Wednesday, June 14, 2006

The Weight Game

The thing with a sponsor is that you're supposed to call them before you do the bad thing. My sister and I act as each other's food sponsor, except contrary to tradition, we call each other after the bad thing has been done.

"I ate a BLT chicken sandwich from McDonalds...with the crispy chicken and fries. And a Diet Coke."

"Yeah, I hear ya', sister, I crawled my way through dust and sick children and toys and one very big black Labrador to get at the Doritos. The Extra Cheesy kind."

"One small dish won't hurt you."

"Who said it was one small dish? We're talking a half-bag...of the Family Size."

"Ahhh...a Sam's Club special."

"That's the one."

"Just say no, the next time you want to get into the bag."

"And for you...just don't order fries. At least you ordered a diet coke with lunch and not a chocolate shake. Oh wait...did you mooch off M's shake?"

"Two sips."

"Penance...we work it off this afternoon. You take the dog, I’ll bike ride with Izzy in the carrier."

"We can’t – AH has microplasmic pneumonia and M has strep throat. Maybe I'll wait for the boys to come home from school then go. After the homework. After A's inevitable breakdown over some transgression by J."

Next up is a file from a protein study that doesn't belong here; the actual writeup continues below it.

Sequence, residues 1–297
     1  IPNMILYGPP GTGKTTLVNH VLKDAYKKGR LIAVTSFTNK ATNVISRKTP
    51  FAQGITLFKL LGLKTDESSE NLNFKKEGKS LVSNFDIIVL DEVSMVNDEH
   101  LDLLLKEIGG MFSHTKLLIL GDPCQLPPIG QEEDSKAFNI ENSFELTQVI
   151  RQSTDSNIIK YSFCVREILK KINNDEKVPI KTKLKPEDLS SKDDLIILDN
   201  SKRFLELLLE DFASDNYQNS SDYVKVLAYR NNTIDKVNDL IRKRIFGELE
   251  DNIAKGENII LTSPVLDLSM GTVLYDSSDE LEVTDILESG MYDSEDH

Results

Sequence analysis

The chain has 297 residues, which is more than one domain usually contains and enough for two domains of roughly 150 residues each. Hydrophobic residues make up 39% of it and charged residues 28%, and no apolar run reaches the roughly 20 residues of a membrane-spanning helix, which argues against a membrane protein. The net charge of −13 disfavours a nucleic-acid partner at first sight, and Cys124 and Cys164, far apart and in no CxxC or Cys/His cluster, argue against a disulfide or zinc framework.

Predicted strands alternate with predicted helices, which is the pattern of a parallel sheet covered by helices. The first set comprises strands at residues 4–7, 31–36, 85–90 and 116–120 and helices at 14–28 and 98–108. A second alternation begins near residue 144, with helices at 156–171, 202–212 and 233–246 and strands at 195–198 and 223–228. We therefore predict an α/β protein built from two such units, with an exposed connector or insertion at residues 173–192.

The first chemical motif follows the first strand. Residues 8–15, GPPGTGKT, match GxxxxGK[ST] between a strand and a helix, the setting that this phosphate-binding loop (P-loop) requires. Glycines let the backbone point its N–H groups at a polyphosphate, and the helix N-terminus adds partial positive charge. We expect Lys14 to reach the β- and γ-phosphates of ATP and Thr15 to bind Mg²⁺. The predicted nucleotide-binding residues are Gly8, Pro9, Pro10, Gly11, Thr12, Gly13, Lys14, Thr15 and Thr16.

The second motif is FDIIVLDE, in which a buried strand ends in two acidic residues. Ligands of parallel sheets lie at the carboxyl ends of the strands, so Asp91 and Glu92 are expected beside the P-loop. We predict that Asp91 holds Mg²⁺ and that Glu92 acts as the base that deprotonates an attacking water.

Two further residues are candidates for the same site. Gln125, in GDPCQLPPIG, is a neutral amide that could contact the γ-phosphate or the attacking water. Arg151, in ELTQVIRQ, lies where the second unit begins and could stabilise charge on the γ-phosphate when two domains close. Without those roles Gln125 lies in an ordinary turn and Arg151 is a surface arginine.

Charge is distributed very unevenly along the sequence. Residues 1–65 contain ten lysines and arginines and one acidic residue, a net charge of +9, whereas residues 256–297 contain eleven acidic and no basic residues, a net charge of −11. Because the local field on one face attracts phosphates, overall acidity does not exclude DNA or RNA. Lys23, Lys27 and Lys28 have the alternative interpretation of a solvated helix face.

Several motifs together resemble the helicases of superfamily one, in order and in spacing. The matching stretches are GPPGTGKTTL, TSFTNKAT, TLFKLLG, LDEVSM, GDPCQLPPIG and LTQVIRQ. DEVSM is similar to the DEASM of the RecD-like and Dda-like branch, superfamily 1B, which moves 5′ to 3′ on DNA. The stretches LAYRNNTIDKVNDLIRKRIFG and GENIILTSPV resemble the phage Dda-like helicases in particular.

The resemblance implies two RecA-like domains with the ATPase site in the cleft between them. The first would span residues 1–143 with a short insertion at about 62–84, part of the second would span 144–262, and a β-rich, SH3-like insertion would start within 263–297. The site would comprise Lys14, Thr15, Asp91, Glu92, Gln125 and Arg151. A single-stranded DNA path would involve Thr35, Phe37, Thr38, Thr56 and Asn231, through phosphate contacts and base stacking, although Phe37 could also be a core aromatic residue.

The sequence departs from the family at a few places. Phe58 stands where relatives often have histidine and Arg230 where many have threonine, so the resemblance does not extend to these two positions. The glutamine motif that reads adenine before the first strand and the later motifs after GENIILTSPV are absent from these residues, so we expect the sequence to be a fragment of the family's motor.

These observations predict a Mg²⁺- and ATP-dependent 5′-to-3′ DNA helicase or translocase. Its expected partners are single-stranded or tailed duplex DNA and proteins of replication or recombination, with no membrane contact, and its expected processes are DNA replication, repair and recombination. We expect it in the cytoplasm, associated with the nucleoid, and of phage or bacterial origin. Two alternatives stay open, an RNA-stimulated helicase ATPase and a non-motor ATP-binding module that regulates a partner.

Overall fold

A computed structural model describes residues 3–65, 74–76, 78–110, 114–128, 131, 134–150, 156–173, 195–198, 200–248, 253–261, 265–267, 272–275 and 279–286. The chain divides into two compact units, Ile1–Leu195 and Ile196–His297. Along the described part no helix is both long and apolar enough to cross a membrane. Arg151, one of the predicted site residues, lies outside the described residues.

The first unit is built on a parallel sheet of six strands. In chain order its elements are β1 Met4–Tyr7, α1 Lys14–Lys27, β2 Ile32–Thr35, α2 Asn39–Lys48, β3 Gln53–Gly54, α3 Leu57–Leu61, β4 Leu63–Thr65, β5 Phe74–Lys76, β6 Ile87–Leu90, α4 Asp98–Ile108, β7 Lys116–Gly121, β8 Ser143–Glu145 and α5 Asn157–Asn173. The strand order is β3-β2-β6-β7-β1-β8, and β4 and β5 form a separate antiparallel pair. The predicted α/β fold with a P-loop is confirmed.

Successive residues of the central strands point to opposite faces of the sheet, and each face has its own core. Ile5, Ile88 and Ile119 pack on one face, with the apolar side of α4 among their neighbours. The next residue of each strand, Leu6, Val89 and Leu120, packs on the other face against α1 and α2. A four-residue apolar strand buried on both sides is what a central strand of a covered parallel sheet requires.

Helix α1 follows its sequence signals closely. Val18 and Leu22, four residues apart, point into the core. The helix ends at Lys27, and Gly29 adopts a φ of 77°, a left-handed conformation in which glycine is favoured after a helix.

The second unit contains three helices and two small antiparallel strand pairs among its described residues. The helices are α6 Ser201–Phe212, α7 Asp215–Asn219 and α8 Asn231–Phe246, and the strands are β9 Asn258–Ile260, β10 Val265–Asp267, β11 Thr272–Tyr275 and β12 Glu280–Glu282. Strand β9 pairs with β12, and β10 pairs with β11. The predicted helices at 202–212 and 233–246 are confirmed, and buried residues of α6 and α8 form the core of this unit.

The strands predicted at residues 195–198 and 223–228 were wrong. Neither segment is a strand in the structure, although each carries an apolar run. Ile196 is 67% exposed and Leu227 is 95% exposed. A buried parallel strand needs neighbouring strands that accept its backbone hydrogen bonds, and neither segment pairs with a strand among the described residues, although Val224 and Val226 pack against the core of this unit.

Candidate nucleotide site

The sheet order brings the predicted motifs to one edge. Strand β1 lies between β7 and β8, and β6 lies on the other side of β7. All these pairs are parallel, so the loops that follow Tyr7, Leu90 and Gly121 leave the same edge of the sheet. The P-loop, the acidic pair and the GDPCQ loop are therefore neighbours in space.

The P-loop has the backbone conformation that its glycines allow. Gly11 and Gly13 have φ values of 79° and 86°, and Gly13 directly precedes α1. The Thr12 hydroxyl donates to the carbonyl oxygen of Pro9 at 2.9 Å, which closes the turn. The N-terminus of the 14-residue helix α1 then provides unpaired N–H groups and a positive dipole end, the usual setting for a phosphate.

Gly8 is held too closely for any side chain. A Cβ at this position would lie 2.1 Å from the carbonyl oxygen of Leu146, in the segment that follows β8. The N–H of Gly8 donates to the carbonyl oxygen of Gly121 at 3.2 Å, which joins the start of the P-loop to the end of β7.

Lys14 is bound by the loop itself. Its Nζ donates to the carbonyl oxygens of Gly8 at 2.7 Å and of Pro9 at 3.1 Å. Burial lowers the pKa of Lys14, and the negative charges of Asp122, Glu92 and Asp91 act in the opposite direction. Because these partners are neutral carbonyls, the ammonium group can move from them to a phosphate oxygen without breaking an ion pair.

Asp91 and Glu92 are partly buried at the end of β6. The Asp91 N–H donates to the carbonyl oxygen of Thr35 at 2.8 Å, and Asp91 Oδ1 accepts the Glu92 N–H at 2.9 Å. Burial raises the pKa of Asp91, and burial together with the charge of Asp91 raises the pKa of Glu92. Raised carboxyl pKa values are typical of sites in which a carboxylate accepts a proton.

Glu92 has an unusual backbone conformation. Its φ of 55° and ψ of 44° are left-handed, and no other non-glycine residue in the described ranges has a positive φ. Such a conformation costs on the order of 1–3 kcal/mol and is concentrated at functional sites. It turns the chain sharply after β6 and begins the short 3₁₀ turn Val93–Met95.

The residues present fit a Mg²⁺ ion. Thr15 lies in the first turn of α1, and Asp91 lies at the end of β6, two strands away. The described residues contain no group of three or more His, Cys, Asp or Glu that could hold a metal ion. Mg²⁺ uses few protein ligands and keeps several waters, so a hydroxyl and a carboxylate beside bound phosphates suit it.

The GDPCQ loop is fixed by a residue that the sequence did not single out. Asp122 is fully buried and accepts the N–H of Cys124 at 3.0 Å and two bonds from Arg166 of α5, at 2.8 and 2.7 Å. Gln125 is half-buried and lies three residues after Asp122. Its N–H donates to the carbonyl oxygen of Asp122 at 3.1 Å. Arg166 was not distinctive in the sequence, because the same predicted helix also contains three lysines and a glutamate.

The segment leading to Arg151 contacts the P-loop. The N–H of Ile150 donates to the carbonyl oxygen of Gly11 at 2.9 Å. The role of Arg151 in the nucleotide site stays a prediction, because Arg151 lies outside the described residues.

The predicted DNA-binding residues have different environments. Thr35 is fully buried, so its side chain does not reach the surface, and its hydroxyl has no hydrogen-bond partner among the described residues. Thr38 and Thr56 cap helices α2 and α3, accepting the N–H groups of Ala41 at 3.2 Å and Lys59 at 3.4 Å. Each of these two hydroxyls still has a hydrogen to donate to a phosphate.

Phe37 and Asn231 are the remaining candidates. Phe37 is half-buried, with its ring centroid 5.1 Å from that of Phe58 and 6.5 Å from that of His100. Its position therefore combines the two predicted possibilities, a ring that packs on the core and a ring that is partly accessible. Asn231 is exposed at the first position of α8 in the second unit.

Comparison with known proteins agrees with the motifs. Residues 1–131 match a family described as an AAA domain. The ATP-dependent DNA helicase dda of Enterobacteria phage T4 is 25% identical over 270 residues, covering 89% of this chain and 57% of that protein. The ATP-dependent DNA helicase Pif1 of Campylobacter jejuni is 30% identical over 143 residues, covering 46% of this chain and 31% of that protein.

"Okay, tomorrow we exercise. What are you making for dinner?"


"Sounds good. Maybe I'll take a quick spin to the market. Get some blue cheese - always good on burgers."

"Hmmm...reminds me. I should stock up on the ice cream. The kids are going through it now that it's hot."

We'll have to change our system.

Disclaimer: I'm exaggerating the subject of our conversation. Actually, my sister and I have been on a mission to filter out the junk food from our diet. We have a good jumping point - our kids have always snacked on vegetables: cucumbers, tomatoes, red cabbage, and salad. They do have a weakness however to grab chips when they're starved (and so do I). They've learned the guilty pleasure of eating chips out of the bag while in front of the T.V. I've tried to change the habit by making them use a Tupperware cereal bowl for chips instead. M and A are pretty good at that - J rejects the method. We're also working on dropping the sodas, preferring low-fat milk or natural juice. A has been good about it, so has M, J rejects the shift, always pulling out a soda or two. Now, I could simply not buy the bad stuff, but I've always been an advocate of moderation not abstinence, believing that absence makes the heart grow fonder. So we're trying to work with less rather than none.